Responding to the recent Australian Broadcasting Corporation’s expose  End Animal Slaughter contributor LYNLEY TULLOCH says we shouldn’t be tongue-tied in speaking out against the abuse of racehorses.

 

The recent Melbourne Cup event, where yet another horse was injured, has highlighted animal welfare concerns. The race, held in November every year, corresponds with a national holiday in Australia. It is a 158-year-old institution, and the cause of rowdy celebration. Yet this year while about 81,000 spectators partied in hats and high-heels, knocking back alcohol, the horses weren’t having so much fun.

 

Archer (1856–1872) was an Australian Thoroughbred racehorse who won the first and the second Melbourne Cups in 1861 and 1862

 

Racehorses are valued primarily for the money they can bring in on race day. And the money is big. The total prize pool for the Melbourne Cup 2019 was A$8,000,000. Horse racing is a 9 billion dollar industry in Australia, and given high status. It is said to be the ‘Sport of Kings’.

One horse named Rostropovich sustained a stress fracture to his pelvis at the 2019 Melbourne Cup and is now lame. He is said to be stable, but I would imagine his future in racing is uncertain. In fact, his entire future on the planet is uncertain. Many ex-racehorses are killed in slaughterhouses in Australia. Behind the partying of major race days is a legacy of animal cruelty.

Five-year-old gelding Rostropovich, who fractured his pelvis at the 2019 Melbourne Cup.   He is responding to treatment, and now bearing weight on all four of his legs.

 

During this year’s Melbourne Cup  runner up jockey New Zealander Michael Walker, was fined $10,000 and banned from seven races for excessive whipping of his horse. His response? “I could bend over right now and let you hit me as hard as you want with those sticks and they don’t hurt.” Right. Well according to RSPCA, they do hurt: “There is no evidence to suggest that whipping does not hurt. Whips can cause bruising and inflammation”.

New Zealand jockey Michael Walker, who was fined $10,000 and banned from seven races for over-whipping his horse Prince of Arran in the 2019 Melbourne Cup.

 

From the cradle to the grave, horse racing is animal abuse. What many people may not know is that there is a high breeding rate and turnover of race horses in Australia. According to the Racing Australia Annual Report, over 14.000 foals are born in the racing industry each year. Another 8 and a half thousand are ‘retired’ from the track. More horses are being bred than are needed so that they have a larger pool of animals to draw from in the hopes of getting a winner. Bidda Jones, RSPCA’s Chief Scientist, calls this ‘searching for a diamond in the straw’.  In fact, only 300 of every 1000 foals born in the racing industry in Australia will ever end up racing.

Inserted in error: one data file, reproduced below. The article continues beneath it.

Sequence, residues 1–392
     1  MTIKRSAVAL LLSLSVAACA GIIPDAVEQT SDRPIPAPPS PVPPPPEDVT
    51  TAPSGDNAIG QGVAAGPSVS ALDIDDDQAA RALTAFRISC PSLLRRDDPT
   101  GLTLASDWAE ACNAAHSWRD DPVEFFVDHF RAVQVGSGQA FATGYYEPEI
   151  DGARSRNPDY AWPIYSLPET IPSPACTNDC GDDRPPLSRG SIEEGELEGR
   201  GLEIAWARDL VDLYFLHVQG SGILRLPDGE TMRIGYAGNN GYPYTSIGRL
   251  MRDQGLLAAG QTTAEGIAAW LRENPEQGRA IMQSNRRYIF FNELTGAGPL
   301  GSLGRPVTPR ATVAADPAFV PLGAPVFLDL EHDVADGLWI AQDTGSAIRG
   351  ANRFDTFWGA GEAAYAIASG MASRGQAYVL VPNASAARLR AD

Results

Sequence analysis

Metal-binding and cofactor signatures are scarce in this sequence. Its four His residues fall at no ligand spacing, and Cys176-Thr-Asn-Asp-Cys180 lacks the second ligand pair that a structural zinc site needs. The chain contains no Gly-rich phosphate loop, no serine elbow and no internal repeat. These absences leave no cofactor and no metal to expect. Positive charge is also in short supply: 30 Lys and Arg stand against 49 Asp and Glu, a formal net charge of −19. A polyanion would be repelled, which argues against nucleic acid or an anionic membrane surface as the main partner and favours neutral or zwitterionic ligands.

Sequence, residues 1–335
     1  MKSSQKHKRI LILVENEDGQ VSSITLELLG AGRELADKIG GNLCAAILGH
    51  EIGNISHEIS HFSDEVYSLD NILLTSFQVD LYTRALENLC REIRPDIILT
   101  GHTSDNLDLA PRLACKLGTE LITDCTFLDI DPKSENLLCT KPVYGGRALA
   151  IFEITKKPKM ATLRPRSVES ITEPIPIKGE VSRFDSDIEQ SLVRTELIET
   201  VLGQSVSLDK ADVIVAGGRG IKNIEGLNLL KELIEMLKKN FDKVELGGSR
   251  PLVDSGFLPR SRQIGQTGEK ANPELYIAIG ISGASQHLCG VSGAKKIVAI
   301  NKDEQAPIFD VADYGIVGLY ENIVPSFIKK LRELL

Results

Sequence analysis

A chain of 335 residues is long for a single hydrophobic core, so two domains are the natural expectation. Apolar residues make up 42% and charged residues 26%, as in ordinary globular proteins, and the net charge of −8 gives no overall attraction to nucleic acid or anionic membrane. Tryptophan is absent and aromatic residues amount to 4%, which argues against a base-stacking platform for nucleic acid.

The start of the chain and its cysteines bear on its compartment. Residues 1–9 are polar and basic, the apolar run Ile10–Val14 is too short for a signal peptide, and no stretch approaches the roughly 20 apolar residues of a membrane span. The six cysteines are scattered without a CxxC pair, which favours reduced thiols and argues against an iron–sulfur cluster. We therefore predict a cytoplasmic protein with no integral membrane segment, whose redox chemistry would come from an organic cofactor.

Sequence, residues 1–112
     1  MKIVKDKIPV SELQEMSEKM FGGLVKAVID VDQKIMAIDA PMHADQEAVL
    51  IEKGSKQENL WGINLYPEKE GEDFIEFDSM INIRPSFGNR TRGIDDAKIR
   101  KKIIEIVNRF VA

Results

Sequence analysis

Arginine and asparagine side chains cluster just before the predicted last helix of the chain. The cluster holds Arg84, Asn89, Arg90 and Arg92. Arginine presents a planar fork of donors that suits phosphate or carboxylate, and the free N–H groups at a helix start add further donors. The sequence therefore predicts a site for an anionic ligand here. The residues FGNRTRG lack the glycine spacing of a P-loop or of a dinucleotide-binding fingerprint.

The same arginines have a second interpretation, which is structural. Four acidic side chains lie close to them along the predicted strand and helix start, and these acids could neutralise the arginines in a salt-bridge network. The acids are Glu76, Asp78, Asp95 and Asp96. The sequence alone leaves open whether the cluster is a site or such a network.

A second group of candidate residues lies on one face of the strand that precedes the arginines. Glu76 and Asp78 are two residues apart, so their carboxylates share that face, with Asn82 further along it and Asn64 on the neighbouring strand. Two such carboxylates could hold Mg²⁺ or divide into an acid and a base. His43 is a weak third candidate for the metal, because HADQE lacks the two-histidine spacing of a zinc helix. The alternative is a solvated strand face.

This means that there is a lot of what is referred to as ‘horse wastage’. It was revealed in October this year through Australia’s ABC’s 7.30 program that thousands of registered racehorses are killed in slaughterhouses (for consumption)  or knackeries (for pet food) each year. This is after they may have earned hundreds of thousands in prize money. A 2008 report commissioned by the RSPCA to examine ”wastage” of Australian thoroughbred horses found 60 per cent of the animals processed at one abattoir originated from the racing industry. The report also indicated that 80 per cent of these horses had suffered neglect before being slaughtered.

The racehorse industry over-breeds to increase the likelihood of producing winners.   Foals who aren’t viable or otherwise don’t make the cut, can be sent at days old to the slaughterhouse.

 

Professor Paul McGreevy , a veterinarian who spoke on the ABC 7.30 program, said that what happens to many of these ‘wastage’ horses is a grey area and that they often meet a grisly death. These horses are sold at sales yards, and brought by the slaughter industry for as little as $70. They are often discarded yearlings who did not make the mark, or older horses with injuries.  Their meat is then shipped to overseas markets in Europe, Russia and Japan. It is marketed for human consumption.

Sakuraniku, (raw horse meat), a Japanese delicacy.

 

During the ABC investigation footage was shown of Meramist Abattoir. The treatment of these beautiful animals is disturbing to watch, as they are kicked and whipped, sworn at and taunted. One horse was dragged out of the transport truck by a rope tied to a tractor. He then collapsed.

Meramist Abattoir, Queensland, where the ABC documentary revealed footage of workers abusing and torturing horses.

 

The disdain that the slaughterhouse workers hold for the horses is deeply distressing. These sensitive animals, full of intelligence and poise, are treated as – in the words of one worker  – ‘f****n maggots’. The workers repeatedly tell the animals they are going to die, indicating pleasure that they have ultimate control over their fate. They are subject to electrocution (anus and genitals included). These traumatized horses must face the end of their lives tortured by sadistic humans.